Why wasn't glory of Ulster on TV?
Ah, it's a different Ulster Football Championship now, isn't it? Easier on the eye. Desirable. More fun to be around.
And there's always the promise of Donegal and Tyrone and the way they might commit sanctioned faction-fighting and attempted finger-breaking on each other come Sunday week. What a time to be alive!
Of course you recall all the cribbing. And if you are suffering from a slipping clutch in the brain, you might even be thinking of the year before, or the year before that.
But now, Ulster can walk into the nightclub, expensively dressed and the envy of the rest. It can walk past the boys that sniggered up their sleeves and rightfully imply, 'How do you like me now?'
For a while there, we had the Sunday Game pundits dusting down their template arguments. Maybe it's because they are on the road so long, but it feels that we have been listening to and reading 'The Death of Gaelic Football Part 13, 14, & 15 - And More To Come Next Week', for a few years now.
So on Sunday night, host anchor Des Cahill almost puked with shock when Ciaran Whelan said: "Thank God for Ulster."
'Thank God for Ulster' isn't a common sentiment in general, but by virtue of four semi-finals and a forest-fire of a final in store, we could end up with five good games in a provincial Championship.
Elsewhere? Well, Galway toppling Mayo, and Tipperary stepping over the slumbering giant of Cork football created a little cliff-hanger of drama.
A bit of a pity then, that neither semi-final replay was afforded live TV coverage.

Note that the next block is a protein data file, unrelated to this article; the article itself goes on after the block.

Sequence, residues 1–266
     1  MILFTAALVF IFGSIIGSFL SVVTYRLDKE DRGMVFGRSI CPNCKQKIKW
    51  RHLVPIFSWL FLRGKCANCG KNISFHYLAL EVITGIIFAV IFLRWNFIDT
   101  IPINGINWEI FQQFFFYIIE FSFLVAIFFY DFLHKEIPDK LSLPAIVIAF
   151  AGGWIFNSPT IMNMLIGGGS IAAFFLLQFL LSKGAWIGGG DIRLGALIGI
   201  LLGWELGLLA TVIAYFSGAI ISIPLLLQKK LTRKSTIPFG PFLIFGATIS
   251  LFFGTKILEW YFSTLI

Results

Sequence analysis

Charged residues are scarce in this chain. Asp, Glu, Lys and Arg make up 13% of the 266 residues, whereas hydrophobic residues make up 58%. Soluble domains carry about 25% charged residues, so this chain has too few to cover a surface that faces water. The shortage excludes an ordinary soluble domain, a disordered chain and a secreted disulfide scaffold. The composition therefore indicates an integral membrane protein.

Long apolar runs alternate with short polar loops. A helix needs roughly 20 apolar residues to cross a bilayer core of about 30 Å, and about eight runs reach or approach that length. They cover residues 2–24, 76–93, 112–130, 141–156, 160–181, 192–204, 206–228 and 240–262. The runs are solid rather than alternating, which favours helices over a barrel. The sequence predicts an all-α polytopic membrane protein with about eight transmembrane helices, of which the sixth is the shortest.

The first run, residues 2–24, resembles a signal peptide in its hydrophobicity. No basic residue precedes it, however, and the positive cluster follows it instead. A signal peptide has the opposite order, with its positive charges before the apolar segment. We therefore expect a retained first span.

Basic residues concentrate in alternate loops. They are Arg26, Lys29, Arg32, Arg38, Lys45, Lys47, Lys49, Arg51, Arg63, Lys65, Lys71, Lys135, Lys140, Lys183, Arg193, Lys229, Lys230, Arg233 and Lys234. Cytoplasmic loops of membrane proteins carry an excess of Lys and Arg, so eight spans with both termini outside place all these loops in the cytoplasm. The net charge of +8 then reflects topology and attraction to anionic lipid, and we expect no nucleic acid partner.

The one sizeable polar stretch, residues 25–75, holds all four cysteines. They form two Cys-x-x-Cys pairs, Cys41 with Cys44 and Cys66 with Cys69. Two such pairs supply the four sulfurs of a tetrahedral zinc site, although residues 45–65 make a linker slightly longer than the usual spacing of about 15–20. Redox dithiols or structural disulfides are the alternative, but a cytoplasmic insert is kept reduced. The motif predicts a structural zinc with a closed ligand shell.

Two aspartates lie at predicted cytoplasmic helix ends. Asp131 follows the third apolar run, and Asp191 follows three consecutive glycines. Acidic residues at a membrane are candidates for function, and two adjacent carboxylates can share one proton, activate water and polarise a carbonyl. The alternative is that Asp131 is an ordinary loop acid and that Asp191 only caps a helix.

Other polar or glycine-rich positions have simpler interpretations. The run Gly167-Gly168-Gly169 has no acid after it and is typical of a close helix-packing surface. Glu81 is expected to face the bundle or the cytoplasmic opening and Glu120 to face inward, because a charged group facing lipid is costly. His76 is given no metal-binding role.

An email arrived into our Inbox this week from Jimmy Conlon of Glengormley. Unable to travel to attend the games anymore, he spoke of his frustrations that what was on offer was hardly likely to get the dander up.
On the Ulster replays, he wrote: "These are two of the highest profile Gaelic Football games being played this weekend! And not one of them televised live.
"Why then is RTE, BBC & Sky not showing either of these games live. Who really wants to see Kerry playing Tipperary?"
The reason for that, is that the television schedules had already been worked out, with little wriggle-room for unexpected replays.
Jimmy adds: "Watching a deferred game is certainly no consolation whatsoever, and certainly not Kerry & Tipperary, whether live or deferred."
Perhaps the GAA are missing out on the most effective marketing tool - live televised games - because of their existing contracts and restrictions.
Then again, looking at the attendance figures, maybe they can live with it. The first Donegal - Monaghan game attracted 16,238. The replay brought 938 more souls inside the Breffni Park gates.
And although Tyrone-Cavan had deferred coverage, they topped the 19,141 crowd the first day by attracting 20,223 for the second instalment.
Paraic Duffy said this at the 2015 Congress: "Live TV coverage is good for us but it's vital to get the balance right between offering too much and encouraging people to stay at home or showing less and attracting them to the games."
The message is that the GAA does not exist to facilitate television. Not much good to Jimmy in Glengormley though.